Friday, June 29, 2007

Xenophobic Confectioners

Dana and I met in German language class four years ago. She had just moved to Switzerland from Minneapolis, and I had just arrived from Georgia. We hit it off right from the start, developing a friendship as close to sisterhood as I have experienced.

When I was pregnant with the twins and laid up in the hospital on strict bedrest for three months, Dana took care of my life for me. When the babies were born ten weeks prematurely and terribly fragile, Dana stood by me as I morphed from a strong, wise-cracking woman to an emotionally shattered ghost.

After dealing with the serious and intense side of life for nearly two years, we decided to dust off our sense of humor, kick up our heals, kiss the husbands and kids goodbye and head off to Beaune, France Ah, Beaune-- located smack-dab in the middle of Burgundy wine country, it's a small, Medieval town surround by rolling vineyards and pastures with free-roaming, white Charolais cattle (they make for some delicious steaks...).

We enjoyed ourselves to the fullest; eating at fine, French restaurants, shopping at the expansive Saturday market (per my MO, we rented a small apartment so that I could cook with local ingredients), visited a vineyard or two and tasted lots of wine. We soaked it all up.

On our last day in Beaune, we were strolling one of the shopping streets when a candy store caught Dana's eye. We entered the small, cramped shop and looked around. Dana squeeked with joy (she is a fairly tiny woman-- mighty but compact, and prone to enthusiastic 'squeeking') as she found bags of housemade Cassis jellies. They were really expensive, about 20 Euro, but she said that they were her father's favorite (her father also being a foodie). She held tight to the Cassis jellies as we made our way over to the chocolate confection counter to admire the vast assortment. Even though I am not a sweets fan, it was a most enticing display. A couple of other French women were there ordering boxes of handmade chocolates, so we quietly chatted about what we would get when it was our turn. A few other local women came up to the counter, then a few more-- all were being helped before us. While this was annoying, it is also common, to my experience, in Europe-- there's just not the same adherence to lines and order as in North America.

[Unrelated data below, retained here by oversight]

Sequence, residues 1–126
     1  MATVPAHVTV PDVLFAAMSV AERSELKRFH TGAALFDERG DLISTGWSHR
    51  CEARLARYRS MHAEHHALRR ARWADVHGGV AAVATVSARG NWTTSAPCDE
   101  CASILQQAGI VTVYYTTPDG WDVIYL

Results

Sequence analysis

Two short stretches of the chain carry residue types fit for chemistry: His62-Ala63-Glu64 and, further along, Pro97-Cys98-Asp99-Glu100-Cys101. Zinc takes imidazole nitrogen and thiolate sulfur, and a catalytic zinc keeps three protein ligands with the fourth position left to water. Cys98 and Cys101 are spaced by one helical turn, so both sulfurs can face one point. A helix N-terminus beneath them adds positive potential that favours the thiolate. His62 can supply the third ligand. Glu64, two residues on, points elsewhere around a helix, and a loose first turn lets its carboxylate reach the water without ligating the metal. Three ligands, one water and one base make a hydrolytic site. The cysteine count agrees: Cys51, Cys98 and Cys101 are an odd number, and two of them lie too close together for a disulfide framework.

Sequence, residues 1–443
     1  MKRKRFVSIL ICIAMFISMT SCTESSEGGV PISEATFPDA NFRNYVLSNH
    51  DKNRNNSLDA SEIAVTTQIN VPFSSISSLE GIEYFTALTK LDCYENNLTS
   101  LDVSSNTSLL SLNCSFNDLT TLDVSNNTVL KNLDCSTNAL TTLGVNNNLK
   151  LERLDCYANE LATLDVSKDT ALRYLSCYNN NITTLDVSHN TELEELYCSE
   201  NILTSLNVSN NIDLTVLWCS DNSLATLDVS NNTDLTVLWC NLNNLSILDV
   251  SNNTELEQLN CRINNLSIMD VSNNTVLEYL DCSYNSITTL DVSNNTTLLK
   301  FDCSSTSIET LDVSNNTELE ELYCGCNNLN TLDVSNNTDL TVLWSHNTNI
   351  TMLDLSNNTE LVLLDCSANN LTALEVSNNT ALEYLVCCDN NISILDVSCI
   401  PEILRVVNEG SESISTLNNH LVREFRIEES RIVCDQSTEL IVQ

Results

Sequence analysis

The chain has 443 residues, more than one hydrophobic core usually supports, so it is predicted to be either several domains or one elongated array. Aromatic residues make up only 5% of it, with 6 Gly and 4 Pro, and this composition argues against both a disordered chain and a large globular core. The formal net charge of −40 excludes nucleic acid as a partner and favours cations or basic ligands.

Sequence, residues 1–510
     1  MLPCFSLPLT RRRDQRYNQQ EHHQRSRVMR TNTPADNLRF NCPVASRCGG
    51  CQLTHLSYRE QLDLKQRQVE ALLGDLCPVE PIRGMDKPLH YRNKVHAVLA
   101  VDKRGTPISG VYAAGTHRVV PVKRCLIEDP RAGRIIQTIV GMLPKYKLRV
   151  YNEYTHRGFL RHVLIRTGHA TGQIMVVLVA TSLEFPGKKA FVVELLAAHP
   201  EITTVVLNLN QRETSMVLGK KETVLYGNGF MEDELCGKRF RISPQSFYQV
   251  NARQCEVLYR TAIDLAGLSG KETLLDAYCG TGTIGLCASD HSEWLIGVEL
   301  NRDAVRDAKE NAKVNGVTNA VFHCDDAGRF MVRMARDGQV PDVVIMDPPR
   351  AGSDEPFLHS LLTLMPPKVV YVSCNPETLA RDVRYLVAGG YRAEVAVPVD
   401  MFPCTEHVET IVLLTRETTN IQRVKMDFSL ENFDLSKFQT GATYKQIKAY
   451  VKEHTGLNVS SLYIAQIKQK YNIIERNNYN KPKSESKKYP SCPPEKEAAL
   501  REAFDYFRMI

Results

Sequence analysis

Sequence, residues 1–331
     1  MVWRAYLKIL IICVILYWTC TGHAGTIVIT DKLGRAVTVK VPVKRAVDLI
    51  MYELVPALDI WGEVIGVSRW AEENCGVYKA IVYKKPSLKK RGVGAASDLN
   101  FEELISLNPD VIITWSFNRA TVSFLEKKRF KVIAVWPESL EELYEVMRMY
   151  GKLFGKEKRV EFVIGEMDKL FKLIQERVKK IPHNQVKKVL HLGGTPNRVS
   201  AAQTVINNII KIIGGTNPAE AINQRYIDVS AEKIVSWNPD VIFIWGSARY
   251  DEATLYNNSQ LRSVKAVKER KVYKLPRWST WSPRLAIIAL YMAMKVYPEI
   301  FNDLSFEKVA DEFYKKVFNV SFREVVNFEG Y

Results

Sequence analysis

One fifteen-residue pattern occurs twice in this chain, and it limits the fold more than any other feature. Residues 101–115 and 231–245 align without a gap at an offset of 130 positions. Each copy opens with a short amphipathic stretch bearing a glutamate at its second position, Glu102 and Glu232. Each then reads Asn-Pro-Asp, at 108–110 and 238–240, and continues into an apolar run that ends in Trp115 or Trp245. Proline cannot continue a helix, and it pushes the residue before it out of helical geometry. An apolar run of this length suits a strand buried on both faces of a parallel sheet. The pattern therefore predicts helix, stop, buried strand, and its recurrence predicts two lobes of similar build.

Finally, everyone left and it was our turn. Dana wanted to get a few nice chocolates for her three children. She pulled out her best college French and asked for a number of different chocolates to be placed in her box. Then she asked for one that we didn't see in the case, dark chocolates filled with coconut.

"WHAT?" The confectioner looked at us with disdain. We just stood there, maybe blinked a few times, wondering what the problem was. The xenophobic confectioner went on, "You Americannns want shocolates filled weeth coconutz, or worse, peanut butt-air! Well, you are not IN Americah now-- you are in FRAAANCE and we do not make shocolates with coconutz and peanut butt-air!"

Are you kidding me? This lady's shop is in the middle of the tourist shopping area in a tourist-filled town. I love living in Europe and love vacationing in France, but this woman was as ridiculously closed-minded as the few Americans I know who think all French people are snobs, having never even traveled to France to meet a one.

That was it! I turned on my heel and stormed out of her shop. I was fuming! Dana was right behind me, leaving her half-filled box of 'shocolates' with the mean cofectioner lady. We marched down the pedestrian street angered by the treatment we had just received.

After about two minutes of marching and muttering, Dana stopped. "Oh my God." "What?" I asked, still steaming and annoyed that she had stopped-- we were on a roll. She held up her hand that still clutched the tres expensive Cassis candies. "Should we go back? We should go back." Dana stated. "Hell no! Absolutely not!" I shouted. Dana put up a half-hearted fight. Stealing is bad. Stealing is wrong. I believe this, but I was not going to go back there and admit to that cow that we inadvertantly stole a bag of costly candies-- no way would I give her that satisfaction.

So we didn't go back. And Jack, Dana's father, enjoyed a fine bag of stolen Cassis candies for Father's Day.

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